3 tips for adding e-commerce to an existing website

While many businesses realize the necessity for e-commerce functions on their websites, they should be sure to focus on the customer journey and maintaining consistent experiences.

With plummeting in-store customer traffic amid the COVID-19 pandemic, retailers must face the fact that their survival and future growth depend on maintaining an effective digital presence.

Conducting business over the web is becoming a necessary capability, and many businesses are finding the need to add e-commerce functions to their existing websites.

Here are three tips for businesses to keep in mind when spinning up an e-commerce website:

1. Design customer journeys from the buyer's perspective

Before customers buy anything, they must first find what they want and even discover items that they do not initially know they need. Yes, e-commerce includes a digital storefront -- a website where customers can browse and buy. But completing a digital transaction is only one step in a chain of events. It is important to consider how to engage customers in the first place.

Businesses have a gut sense about their customers and markets, accumulated over the years by operating physical stores, understanding buying cycles and knowing when to launch promotions. E‑commerce depends on transforming these implicit insights into explicit digital activities.

Companies should begin by mapping out two or three customer journeys for doing business on the web. Sellers need to start with an "I want, I need" statement, focusing on the buyer's perspective. From there, organizations should identify where and how customers find information that satisfies these requests, search through product catalogues, select items and complete purchases. These journey maps don't need to be extensive or detailed, as a top-level summary will often suffice. Sellers can map additional customer journeys as new situations arise.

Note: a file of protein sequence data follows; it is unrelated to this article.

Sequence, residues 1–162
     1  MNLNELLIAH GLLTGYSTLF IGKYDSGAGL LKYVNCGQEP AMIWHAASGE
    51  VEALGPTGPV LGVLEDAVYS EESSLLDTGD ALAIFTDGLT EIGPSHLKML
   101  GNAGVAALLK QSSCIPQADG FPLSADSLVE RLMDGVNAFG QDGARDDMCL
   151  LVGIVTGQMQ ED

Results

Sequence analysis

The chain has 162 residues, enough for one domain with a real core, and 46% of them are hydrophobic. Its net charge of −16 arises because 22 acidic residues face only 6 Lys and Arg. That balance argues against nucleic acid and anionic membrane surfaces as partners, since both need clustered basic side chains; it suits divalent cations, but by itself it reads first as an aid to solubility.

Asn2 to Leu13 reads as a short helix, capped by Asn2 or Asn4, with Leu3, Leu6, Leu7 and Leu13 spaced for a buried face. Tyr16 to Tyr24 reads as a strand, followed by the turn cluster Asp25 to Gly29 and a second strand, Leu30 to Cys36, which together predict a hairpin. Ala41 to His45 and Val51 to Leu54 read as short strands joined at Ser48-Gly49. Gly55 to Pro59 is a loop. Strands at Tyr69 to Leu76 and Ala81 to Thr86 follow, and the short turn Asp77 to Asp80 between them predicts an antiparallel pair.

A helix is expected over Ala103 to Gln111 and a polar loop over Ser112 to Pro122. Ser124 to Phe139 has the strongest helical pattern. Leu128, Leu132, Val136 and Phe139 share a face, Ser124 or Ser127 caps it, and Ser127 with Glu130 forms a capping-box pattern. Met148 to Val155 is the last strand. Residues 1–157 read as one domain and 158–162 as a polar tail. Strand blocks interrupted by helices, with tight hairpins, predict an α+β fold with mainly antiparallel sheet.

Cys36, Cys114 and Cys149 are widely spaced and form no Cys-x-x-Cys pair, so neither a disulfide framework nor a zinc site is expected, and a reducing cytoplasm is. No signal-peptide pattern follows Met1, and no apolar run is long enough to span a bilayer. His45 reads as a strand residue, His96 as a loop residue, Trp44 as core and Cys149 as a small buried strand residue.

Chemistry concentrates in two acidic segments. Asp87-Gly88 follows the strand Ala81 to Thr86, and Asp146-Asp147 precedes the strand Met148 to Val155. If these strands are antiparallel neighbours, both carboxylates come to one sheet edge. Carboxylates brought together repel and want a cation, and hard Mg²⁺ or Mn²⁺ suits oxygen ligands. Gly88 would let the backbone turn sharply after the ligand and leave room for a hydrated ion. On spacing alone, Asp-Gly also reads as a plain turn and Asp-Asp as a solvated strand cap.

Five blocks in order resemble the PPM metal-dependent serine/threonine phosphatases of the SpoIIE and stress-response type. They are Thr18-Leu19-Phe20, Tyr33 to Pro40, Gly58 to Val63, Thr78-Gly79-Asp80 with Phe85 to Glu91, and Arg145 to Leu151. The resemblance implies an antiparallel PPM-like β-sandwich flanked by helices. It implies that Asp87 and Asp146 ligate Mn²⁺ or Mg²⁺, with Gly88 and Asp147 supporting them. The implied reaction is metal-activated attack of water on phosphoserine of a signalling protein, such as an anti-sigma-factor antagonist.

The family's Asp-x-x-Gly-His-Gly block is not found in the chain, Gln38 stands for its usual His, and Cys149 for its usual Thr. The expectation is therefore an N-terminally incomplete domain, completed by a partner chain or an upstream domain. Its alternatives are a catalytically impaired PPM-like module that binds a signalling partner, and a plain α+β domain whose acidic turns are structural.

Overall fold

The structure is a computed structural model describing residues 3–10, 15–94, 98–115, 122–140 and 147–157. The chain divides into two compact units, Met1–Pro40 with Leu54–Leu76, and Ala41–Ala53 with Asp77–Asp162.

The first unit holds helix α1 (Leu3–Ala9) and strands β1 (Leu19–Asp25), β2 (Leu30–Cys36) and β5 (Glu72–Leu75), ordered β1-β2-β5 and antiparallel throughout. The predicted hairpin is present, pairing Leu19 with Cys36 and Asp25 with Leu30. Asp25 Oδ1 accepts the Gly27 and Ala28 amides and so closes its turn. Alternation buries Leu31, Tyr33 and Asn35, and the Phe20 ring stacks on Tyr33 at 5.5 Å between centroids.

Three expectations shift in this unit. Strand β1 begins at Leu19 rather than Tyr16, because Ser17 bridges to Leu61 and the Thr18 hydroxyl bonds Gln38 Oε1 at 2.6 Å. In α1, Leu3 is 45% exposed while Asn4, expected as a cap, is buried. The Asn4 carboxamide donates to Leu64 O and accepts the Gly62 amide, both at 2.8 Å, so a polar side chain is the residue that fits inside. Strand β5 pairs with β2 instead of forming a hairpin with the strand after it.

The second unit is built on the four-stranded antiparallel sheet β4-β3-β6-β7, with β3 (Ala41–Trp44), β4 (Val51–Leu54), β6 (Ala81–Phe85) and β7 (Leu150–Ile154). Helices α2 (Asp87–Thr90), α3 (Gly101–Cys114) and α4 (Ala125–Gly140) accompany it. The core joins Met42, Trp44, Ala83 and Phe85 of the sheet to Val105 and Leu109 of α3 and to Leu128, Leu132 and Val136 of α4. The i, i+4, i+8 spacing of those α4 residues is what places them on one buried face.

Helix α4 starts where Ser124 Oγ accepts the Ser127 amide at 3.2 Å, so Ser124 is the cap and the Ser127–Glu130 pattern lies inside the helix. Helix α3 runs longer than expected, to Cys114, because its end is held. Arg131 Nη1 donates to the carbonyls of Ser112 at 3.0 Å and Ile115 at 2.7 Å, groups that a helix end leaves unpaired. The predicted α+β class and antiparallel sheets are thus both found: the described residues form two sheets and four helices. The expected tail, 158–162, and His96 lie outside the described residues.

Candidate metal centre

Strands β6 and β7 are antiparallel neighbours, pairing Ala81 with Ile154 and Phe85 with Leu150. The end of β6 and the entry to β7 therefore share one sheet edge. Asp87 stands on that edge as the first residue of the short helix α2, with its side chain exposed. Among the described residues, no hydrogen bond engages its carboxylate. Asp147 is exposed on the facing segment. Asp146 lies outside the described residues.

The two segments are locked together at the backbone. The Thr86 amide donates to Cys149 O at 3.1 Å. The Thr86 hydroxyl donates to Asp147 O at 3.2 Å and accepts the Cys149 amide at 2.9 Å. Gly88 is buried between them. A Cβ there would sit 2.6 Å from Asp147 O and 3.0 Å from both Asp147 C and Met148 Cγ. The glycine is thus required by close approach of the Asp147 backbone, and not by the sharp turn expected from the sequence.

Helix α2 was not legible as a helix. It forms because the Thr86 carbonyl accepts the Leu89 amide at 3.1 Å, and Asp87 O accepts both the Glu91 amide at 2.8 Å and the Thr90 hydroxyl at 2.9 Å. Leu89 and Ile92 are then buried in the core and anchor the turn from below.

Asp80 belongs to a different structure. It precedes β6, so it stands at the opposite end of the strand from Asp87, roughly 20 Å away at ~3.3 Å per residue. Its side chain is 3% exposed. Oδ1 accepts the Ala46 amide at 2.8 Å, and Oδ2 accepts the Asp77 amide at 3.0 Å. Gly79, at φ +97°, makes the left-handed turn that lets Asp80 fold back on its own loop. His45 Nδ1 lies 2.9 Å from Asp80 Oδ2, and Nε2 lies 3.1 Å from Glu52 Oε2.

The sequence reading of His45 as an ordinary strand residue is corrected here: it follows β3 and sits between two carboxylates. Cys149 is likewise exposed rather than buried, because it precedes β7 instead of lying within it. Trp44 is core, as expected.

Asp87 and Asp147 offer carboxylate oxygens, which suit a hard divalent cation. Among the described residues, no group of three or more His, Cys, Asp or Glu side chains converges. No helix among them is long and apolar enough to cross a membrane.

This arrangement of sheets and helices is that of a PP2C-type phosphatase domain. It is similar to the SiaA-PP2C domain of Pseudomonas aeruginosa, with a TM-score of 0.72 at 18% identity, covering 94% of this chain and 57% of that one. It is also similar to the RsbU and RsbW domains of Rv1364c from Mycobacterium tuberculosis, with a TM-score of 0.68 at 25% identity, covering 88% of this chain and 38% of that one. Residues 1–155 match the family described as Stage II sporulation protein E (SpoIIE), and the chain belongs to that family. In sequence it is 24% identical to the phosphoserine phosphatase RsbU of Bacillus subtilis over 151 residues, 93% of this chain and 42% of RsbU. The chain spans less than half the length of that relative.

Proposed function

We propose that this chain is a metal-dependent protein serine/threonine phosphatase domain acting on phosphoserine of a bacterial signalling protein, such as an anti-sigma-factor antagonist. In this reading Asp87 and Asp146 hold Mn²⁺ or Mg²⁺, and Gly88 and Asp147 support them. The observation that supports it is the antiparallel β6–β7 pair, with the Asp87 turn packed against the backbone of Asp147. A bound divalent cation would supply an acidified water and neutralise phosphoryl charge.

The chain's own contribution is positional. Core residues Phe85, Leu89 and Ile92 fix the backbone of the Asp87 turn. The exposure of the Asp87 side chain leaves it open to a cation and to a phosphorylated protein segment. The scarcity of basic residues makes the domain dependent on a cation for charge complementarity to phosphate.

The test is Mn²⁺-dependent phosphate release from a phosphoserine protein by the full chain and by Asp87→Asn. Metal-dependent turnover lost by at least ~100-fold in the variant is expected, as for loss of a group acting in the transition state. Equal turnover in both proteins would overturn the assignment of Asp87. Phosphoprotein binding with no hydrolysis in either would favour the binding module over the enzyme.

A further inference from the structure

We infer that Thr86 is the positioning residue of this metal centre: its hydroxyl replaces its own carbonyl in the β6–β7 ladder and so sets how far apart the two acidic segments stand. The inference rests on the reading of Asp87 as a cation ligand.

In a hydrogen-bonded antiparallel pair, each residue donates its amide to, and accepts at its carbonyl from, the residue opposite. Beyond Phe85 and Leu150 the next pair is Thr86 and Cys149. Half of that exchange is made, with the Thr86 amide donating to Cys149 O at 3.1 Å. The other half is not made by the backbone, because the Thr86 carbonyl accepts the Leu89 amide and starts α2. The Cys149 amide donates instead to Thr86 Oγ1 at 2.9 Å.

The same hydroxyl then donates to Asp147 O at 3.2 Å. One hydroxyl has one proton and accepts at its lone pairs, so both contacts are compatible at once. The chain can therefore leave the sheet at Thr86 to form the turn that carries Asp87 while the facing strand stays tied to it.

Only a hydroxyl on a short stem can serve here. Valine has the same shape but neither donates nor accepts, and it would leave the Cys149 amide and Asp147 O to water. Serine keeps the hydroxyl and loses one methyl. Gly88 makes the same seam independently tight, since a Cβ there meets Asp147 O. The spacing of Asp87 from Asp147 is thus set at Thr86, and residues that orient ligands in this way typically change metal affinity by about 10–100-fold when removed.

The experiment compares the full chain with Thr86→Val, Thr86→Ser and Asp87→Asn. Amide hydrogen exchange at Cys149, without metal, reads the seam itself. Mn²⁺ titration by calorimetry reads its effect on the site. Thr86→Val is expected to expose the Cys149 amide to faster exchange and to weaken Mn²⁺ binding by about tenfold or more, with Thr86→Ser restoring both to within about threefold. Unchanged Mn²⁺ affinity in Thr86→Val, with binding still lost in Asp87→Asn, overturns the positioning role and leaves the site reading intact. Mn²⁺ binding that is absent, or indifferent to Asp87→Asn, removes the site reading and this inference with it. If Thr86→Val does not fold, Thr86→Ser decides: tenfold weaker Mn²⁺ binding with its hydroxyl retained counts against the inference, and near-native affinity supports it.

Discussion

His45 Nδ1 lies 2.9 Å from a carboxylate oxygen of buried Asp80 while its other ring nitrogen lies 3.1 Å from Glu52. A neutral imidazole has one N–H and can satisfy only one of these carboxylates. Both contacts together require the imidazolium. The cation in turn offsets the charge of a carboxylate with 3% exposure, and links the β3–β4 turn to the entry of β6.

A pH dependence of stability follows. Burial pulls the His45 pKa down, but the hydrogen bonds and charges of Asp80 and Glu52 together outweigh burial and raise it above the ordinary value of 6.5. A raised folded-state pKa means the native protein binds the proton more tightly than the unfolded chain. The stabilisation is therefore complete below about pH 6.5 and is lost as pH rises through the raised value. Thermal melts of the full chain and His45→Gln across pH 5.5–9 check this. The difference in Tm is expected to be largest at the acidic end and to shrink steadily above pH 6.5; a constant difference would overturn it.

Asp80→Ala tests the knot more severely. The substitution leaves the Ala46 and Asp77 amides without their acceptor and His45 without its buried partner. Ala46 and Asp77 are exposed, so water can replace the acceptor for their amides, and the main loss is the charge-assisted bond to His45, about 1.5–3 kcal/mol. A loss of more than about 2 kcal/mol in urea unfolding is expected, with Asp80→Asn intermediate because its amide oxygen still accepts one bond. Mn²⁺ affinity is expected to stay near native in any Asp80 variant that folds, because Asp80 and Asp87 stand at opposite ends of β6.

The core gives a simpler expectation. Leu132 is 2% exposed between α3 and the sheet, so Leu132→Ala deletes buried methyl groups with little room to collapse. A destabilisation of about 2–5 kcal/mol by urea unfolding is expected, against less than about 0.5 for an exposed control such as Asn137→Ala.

Conducting business over the web is becoming a necessary capability, and many businesses are finding the need to add e-commerce functions to their existing websites.

Organizations should also consider how to attract customers and promote offerings within the digital storefront. Email marketing to targeted audiences and search engine optimization are important digital techniques for increasing site traffic, boosting engagement and making an e-commerce venture successful.

2. Maintain a consistent experience using a common content repository

E-commerce depends on generating digital experiences, where customers navigate through a series of webpages about product content and prices. Businesses need to be sure a digital storefront contains accurate information about everything for sale, on every page and within every experience.

Remember, there are many experiences within a digital storefront. The same information can appear on multiple pages -- such as within a summary list, on a product detail page or collected into a page with a promotional theme. There are bound to be experiences optimized for mobile devices as well. Regardless of presentation formats, all of these experiences should contain consistent content and access product information from a common content repository.

Companies should begin by developing a product content architecture -- defining product categories from a customer's perspective as well as identifying the different levels of detail that customers might want to consider. Next, organizations should define the fields and values that describe individual items -- such as product names, followed by short summaries, followed by detailed descriptions. It's also important to include images and video clips that supplement text.

3. Add e-commerce functions

Finally, transforming browsers into buyers and then fulfilling their orders depends on a variety of e‑commerce functions, including payment processing, transaction management, fulfillment, delivery and post-sales support. Some e-commerce platforms on the market include Shopify, Magento, Squarespace and OpenCart. Mapping customer journeys defines the expectations about the steps and process flows. Companies should make these e-commerce functions -- such as checking out, scheduling deliveries and so forth -- easy for customers to complete.

Organizations should also pay attention to mistakes, errors and interruptions, which is what happens when customers change their minds halfway through a transaction and want to repeat prior steps. Companies should optimize these e-commerce functions for customer experiences and not operational efficiency.

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